- The Straits Times
Singaporeans need to be open and understanding of foreigners – whether immigrants or workers and students from other countries – so that they have the confidence to interact with people of all races, languages and cultures from around the world, said Finance Minister Heng Swee Keat.
It will be very negative for Singaporeans to draw an exclusive circle for themselves as Singapore would then have no place in the world, Mr Heng told about 700 students attending a ministerial dialogue at Nanyang Technological University (NTU) yesterday.
“We don’t want a world where people build walls around themselves,” he said to laughter.
“Our pledge – regardless of race, language or religion – is not to be taken lightly… but really as a way of life for Singapore.
“Beyond that, we ought to deepen our understanding of other people… whether they are new immigrants, our immediate neighbours, students from NTU, National University of Singapore or other universities,” he said.
Mr Heng also encouraged students on exchange programmes to interact and learn from others.
The need for Singaporeans to have an open mindset and a multicultural outlook was one of his key messages at the two-hour forum, during which he was questioned on a raft of issues, including population growth, technological disruption and meritocracy.
On the projected population of 6.9 million by 2030, set out in the Government’s 2013 Population White Paper, Mr Heng said the number goes beyond how densely populated Singapore would be. The social space is as important.
Singapore’s population density is not excessive, he said, noting that other cities are a lot more crowded in terms of liveable space.
He cited former chief planner Liu Thai Ker, who said in 2014 that Singapore should plan for 10 million people for it to remain sustainable in the long term.
Giving an account of a constituent who was not comfortable with having foreigners working in his company, Mr Heng said there lies a “difficult trade-off” of integration Singaporeans have to make.
“On the one level, many Singaporeans understand, rationally, we should have more people join us because our workforce is declining.
“But at the same time, emotionally, we don’t feel comfortable that there are people who appear a little different from us and I would like to keep this to my circle. This almost tribal feeling is a very deep one,” Mr Heng added.
Quoting the saying “Teochew nang kaki nang” – which translates to “Teochew people, we are the same people” – Mr Heng said it makes sense to retain some form of identity and culture in multicultural Singapore, but Singapore must not propagate the notion that only people exactly like us are our people.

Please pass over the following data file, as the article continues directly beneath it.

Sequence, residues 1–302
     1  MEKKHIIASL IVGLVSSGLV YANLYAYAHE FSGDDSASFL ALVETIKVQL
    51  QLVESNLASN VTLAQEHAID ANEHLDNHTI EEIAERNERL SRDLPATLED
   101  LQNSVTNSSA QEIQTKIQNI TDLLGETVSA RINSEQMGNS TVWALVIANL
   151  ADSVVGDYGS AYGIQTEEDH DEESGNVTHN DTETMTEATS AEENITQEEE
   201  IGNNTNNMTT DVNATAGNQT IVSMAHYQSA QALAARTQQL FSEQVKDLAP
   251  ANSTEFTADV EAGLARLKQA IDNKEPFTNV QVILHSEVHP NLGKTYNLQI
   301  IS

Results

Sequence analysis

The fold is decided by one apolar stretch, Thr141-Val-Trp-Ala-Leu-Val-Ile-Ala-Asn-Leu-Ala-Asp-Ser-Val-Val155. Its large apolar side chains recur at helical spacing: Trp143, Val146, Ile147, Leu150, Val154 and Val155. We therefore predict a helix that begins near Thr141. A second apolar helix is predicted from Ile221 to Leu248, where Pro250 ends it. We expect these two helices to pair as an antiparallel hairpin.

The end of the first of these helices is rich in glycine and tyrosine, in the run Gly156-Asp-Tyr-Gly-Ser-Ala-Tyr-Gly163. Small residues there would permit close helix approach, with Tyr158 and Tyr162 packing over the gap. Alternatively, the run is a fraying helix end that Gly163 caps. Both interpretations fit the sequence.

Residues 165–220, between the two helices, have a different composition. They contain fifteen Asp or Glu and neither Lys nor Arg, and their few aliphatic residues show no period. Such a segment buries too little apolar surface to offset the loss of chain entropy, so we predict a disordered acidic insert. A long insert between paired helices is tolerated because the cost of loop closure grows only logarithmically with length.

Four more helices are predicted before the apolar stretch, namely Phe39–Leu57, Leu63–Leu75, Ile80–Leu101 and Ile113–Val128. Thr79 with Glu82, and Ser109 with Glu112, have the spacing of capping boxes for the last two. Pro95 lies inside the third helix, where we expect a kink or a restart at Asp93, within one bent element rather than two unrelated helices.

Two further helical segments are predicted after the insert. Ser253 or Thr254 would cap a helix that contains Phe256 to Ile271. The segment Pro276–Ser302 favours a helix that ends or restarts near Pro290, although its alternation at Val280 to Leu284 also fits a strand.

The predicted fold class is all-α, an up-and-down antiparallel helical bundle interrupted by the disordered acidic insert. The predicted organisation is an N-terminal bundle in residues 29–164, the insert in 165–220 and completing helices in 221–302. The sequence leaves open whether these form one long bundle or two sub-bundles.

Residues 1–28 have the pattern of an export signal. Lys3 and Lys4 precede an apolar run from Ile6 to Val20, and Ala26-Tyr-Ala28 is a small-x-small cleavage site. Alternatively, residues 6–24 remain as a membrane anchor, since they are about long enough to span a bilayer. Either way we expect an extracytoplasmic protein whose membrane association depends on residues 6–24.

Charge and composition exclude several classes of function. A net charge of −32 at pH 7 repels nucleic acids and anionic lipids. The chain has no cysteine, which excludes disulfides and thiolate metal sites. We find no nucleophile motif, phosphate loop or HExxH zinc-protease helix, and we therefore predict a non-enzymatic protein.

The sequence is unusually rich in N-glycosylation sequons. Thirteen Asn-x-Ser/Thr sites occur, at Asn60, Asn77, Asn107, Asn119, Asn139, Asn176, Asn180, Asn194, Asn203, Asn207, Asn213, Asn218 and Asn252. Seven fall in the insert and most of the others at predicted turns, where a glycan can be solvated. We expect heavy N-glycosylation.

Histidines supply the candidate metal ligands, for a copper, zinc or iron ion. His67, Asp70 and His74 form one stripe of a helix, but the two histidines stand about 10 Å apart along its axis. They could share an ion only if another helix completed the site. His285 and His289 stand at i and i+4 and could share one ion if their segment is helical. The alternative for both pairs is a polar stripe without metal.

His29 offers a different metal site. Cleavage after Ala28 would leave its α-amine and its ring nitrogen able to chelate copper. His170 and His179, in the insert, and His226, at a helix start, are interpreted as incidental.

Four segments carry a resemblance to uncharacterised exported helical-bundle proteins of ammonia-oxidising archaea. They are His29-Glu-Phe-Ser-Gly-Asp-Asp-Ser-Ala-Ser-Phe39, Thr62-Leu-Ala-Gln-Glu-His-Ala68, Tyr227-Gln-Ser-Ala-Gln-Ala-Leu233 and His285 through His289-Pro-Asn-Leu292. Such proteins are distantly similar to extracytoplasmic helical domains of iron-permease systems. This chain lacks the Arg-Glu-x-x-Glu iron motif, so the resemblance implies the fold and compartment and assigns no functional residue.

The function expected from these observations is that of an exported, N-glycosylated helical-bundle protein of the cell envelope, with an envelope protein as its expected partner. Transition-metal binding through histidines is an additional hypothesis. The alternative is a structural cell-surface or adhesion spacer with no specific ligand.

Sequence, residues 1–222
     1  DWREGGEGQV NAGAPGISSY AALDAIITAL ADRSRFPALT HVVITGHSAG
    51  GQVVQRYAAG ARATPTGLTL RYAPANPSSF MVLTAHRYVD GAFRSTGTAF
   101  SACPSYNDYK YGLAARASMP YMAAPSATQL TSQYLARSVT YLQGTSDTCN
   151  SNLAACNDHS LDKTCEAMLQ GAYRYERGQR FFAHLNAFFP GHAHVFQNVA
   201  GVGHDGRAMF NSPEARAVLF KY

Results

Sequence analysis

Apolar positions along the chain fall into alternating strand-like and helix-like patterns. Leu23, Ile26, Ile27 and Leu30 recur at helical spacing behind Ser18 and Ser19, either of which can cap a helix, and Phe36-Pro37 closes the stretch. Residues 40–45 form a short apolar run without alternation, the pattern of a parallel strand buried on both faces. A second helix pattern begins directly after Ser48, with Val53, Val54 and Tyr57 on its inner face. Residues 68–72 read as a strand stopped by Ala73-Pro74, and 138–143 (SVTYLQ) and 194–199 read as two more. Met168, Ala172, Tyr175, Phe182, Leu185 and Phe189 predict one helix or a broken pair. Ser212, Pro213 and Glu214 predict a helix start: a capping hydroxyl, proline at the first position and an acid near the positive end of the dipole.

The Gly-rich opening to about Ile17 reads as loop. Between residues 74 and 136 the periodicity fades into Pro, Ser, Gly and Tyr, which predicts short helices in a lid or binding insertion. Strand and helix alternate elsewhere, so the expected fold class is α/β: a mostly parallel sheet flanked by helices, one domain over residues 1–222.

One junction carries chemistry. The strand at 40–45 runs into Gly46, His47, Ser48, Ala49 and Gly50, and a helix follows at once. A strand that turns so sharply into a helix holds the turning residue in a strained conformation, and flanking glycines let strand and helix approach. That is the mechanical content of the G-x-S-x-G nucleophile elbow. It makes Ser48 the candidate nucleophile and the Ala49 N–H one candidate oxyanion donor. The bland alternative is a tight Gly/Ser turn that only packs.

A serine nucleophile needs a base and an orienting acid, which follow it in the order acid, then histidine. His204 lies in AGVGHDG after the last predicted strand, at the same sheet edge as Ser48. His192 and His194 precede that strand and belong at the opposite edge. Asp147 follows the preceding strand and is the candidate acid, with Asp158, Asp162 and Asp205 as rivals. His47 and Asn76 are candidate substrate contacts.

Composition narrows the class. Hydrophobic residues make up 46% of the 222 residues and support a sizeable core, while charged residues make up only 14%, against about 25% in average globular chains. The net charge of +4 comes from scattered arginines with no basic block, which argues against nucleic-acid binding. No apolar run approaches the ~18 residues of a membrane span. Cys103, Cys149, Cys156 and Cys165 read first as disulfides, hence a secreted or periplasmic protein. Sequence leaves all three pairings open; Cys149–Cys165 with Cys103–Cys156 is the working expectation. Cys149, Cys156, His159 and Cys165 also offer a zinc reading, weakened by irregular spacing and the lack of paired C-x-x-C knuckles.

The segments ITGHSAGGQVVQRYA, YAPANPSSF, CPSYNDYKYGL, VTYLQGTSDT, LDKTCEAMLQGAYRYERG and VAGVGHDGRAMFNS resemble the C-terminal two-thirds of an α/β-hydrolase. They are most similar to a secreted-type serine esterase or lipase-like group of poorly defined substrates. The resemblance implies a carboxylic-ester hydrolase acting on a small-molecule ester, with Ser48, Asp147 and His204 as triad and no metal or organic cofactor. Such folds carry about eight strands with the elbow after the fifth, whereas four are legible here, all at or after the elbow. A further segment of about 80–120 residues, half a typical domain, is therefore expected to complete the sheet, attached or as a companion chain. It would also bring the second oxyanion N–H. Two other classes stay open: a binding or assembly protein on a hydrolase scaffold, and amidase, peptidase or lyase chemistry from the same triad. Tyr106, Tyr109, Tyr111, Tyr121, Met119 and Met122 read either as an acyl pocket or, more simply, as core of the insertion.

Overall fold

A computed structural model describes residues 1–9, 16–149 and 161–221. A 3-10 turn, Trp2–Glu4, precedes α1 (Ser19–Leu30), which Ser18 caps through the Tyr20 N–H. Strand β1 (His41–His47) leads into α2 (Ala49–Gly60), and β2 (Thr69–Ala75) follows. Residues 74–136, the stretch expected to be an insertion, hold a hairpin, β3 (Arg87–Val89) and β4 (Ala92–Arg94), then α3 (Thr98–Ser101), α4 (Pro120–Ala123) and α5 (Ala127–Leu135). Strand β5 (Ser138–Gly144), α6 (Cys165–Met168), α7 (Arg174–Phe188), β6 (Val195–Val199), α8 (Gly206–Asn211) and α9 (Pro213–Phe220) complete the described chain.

On the economic front, Singapore needs to be open as well. Noting that Singapore should not be too narrow in its development of deeper skills and innovation, he said: “Asia and the world are our hinterland, and how we can add value and create value – not just for Singapore – but for the entire hinterland, will define our market.
“And with e-commerce, the market is no longer selling door to door. If you have a great product that can be on a great e-commerce site, you sell around the world.”
Mr Heng also encouraged the students to interact with those from other countries, as this will create more opportunities for themselves in the future.
“In your university days, it is the time when it is best for you to really meet your future partner,” he quipped, saying it was where he met his wife.
Asked about technological disruption and artificial intelligence, he said some routine tasks can and should be automated but more complex ones will require human empathy and creativity.
He cited educational technology, saying that while machines can replace repetitive tasks that teachers do, education is not just about head knowledge, like numeracy and literacy.
“Education is about building the person, the social and emotional development of the child. It’s about the development of character, of values, and in particular, also the development of social skills – how you work with other people,” said the former education minister.
Mr Heng said being able to work together effectively is key, but combining the strengths of people is not straightforward.
“People will always quarrel and have disagreements. How do you make a team productive requires leadership and social skills. Increasingly, I see so many companies – as well as our own public service – assessing our officers not on paper qualifications and IQ, but on how well they work with people.
“I don’t believe machines will make us redundant, but I also caution that our willingness to change, to develop new skills so that machines make us even more productive, is going to be a critical task.”
To do that, companies must think hard about redesigning jobs and reskilling workers. Students must think of how they can learn any time, anywhere, and from anyone in the years ahead, he said.
He related a story about a candidate in an interview at the Monetary Authority of Singapore – where he was the managing director – who said he wanted the job to learn as much as possible and one day take Mr Heng’s position.
“There was no notion of how to want to contribute to the organisation. If you think in that narrow, self-centred way, you will not make progress,” said Mr Heng.